Project Adam Sandler: The Evolution of the 'Grown Ups 2' Star
He’s the man of $100 million box office hits. Whether he’s starring in his trademark goofy comedies from his own Happy Madison production company or more ambitious dramedies, Sandler’s been one of the busiest guys in showbiz for years, and one of the most profitable. Here, in time for his latest man-child comedy Grown Ups 2, we take a look at some of the milestones on Sandler’s road to comedy movie superstardom.
Strangely enough, Sandler started off third-string in his first major motion picture, behind early ‘90s star Brendan Fraser and Steve Buscemi. Together, they’re “The Lone Rangers,” a heavy metal group that hijacks a radio station to get more airtime. It’s a sleight film, but one that has lots of cult admirers who enjoy seeing Sandler steal the show as dimwitted rocker Pip.
Billy Madison (1995)
This early Sandler star vehicle features the comedian doing what he does best – acting the man-child part to the hilt. Here, Sandler’s Billy Madison - an heir to his dad’s corporate empire - is forced to prove himself first by re-taking and passing grades 1-12 in 24 weeks.
Happy Gilmore (1996)
Along with Caddyshack, Happy Gilmore is perhaps the greatest golf comedy, and one of Sandler’s most beloved movies. As an unsuccessful hockey player who possesses a powerful swing on the links, Sandler gets to have all kinds of good fun with co-stars Carl Weathers, Christopher McDonald’s “Shooter McGavin” and – in a classic cameo – “The Price Is Right”’s Bob Barker.
The Wedding Singer (1998)
Here’s where Sandler the superstar really broke out, playing a wedding singer from the ‘80s who’s not just loud, but also awfully loveable alongside equally adorable waitress Drew Barrymore. The story’s nothing too original, but the soundtrack is spot-on, and the stars have a sweet chemistry.
The Waterboy (1998)
After the phenomenal success of The Wedding Singer, Sandler scored again in 1998 with the outrageous tale of The Waterboy, a stuttering guy named Bobby Boucher with anger management issues that allow him to transform into a football machine and knock the stuffing out of opposing running backs. Similar to Happy Gilmore, it’s an easy laugher with classic Sandler temper tantrums.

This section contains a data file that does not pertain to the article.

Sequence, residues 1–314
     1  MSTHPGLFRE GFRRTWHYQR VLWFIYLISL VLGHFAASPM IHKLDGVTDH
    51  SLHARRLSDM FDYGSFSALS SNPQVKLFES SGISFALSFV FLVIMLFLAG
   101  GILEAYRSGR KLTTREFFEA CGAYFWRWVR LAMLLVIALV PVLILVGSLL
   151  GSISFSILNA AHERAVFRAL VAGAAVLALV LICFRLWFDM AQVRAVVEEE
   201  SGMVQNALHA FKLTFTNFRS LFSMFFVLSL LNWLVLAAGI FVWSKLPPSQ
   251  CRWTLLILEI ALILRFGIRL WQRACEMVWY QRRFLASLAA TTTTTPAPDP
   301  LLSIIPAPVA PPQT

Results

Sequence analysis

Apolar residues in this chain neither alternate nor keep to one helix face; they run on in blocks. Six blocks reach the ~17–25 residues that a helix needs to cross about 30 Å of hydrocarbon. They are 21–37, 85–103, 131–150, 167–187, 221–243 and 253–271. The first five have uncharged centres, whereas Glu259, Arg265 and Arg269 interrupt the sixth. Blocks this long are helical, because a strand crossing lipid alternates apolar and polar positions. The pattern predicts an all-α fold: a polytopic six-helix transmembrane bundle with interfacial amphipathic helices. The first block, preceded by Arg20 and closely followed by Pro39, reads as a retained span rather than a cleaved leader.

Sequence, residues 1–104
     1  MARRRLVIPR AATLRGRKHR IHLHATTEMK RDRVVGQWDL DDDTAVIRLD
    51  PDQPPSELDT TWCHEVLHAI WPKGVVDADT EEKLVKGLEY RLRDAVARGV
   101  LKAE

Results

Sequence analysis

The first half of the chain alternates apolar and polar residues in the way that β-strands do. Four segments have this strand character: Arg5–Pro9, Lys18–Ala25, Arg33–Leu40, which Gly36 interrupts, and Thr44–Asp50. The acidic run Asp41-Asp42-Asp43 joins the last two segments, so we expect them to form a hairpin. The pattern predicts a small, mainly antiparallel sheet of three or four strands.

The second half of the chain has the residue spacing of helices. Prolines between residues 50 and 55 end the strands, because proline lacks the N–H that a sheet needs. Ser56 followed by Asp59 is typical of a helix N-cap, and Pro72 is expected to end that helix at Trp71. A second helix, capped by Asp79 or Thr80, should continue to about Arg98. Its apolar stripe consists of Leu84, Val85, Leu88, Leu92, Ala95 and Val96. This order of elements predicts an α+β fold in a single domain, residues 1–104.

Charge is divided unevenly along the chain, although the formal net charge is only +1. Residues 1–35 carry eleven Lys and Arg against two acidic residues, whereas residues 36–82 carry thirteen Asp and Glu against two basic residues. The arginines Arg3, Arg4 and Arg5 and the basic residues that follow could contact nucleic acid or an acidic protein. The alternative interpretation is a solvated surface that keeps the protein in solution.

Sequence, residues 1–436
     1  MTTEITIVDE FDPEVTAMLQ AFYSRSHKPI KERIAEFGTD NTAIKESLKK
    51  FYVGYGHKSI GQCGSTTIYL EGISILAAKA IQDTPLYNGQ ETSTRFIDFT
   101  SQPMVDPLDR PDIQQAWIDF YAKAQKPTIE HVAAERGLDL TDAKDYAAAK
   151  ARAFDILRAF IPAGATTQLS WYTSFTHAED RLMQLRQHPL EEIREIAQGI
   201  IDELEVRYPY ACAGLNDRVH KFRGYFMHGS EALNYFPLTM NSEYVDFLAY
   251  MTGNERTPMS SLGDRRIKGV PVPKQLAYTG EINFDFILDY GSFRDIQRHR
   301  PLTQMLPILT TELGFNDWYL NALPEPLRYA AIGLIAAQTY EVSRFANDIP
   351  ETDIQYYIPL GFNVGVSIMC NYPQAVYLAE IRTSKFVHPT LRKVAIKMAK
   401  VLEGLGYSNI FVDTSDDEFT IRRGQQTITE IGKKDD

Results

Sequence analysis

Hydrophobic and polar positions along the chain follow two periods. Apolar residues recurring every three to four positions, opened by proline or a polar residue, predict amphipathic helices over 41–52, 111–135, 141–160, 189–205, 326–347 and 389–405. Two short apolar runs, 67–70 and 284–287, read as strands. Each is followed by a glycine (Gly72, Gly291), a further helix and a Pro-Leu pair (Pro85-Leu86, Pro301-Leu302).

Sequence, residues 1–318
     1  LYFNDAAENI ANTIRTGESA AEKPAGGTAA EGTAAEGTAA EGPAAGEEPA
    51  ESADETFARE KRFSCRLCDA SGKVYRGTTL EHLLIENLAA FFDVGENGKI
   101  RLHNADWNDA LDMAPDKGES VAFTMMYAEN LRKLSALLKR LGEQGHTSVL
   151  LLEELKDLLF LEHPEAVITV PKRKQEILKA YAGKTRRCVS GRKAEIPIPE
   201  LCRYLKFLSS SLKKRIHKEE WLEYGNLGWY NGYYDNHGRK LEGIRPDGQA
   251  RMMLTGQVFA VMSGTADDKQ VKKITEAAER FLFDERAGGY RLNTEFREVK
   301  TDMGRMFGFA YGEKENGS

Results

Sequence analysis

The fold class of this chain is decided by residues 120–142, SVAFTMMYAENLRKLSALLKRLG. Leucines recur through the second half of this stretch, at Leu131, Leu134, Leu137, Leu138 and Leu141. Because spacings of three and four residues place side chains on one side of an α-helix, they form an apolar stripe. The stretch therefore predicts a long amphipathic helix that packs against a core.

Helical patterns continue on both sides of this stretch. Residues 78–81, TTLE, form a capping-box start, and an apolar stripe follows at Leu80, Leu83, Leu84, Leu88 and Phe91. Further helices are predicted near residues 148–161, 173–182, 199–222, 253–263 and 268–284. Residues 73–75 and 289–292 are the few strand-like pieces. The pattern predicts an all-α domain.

Big Daddy (1999)
Sandler showed some signs of evolvement with this tale of a man-child who actually has to take care of a real child. Of course, the big daddy in question is really posing as the guardian of his buddy’s kid in order to show responsibility and win back his old girlfriend. But those are minor quibbles, right?
Punch-Drunk Love (2002)
The first real “grownup” role for Sandler was this critically acclaimed P.T. Anderson arthouse dramedy. Sandler stars as a small business owner whose chance at love with a shy family acquaintance is threatened by some bizarre circumstances involving a phone sex hotline. It’s dark, tense entertainment – and well worth watching for Sandler’s intense performance.
50 First Dates (2004)
Six years after their initial pairing onscreen, Sandler and Drew Barrymore reunited for more romantic hijinx, this time in Hawaii, where Sandler’s lovestruck veterinarian vies for the hand of Barrymore’s art teacher – a woman with a peculiar form of amnesia where she loses her memory every night.
Sandler teamed up with filmmaker James L. Brooks (Terms of Endearment) for this drama/comedy about a well-known chef (Sandler), his wife and two kids, and their relationship with their Mexican housekeeper (Paz Vega) and her kids. It’s leagues away from Happy Gilmore, but as with Punch-Drunk Love, Sandler shows he can handle a punchline and straight-ahead dramatic fare.
Reign Over Me (2007)
While some of its post-09/11 themes are more well-meaning than successfully conveyed onscreen, this tale of loss – a story of a man (Sandler) whose family perished on 09/11, and who reconnects to society with the help of his former college roommate (Don Cheadle) – once again showcases Sandler’s ability, and willingness, to stretch his dramatic chops.
You Don’t Mess with the Zohan (2008)
True to his base of admirers who prefer him in more lighthearted projects, Sandler returned to his bread and butter with You Don’t Mess with the Zohan, a movie that recounts the adventures of an ex-Israeli commando known as the Zohan, who journeys to New York to accomplish his lifelong dream of becoming a top hairstylist.
Grown Ups (2010)
Sort of the middle ground between his juvenile comedies and his “adult” fare, Grown Ups found Sandler mixing it up with literal kids and fellow comedy stars Chris Rock, David Spade, Kevin James and Rob Schneider as childhood friends who get together for a raucous Fourth of July weekend – with their respective clans - and fan bases - in tow.
Grown Ups 2 (2013)
The all-star comedy cast from Grown Ups returns (with some new additions) for more summertime laughs. Lenny (Adam Sandler) has relocated his family back to the small town where he and his friends grew up. This time around, the grown ups are the ones learning lessons from their kids. Grab tickets here!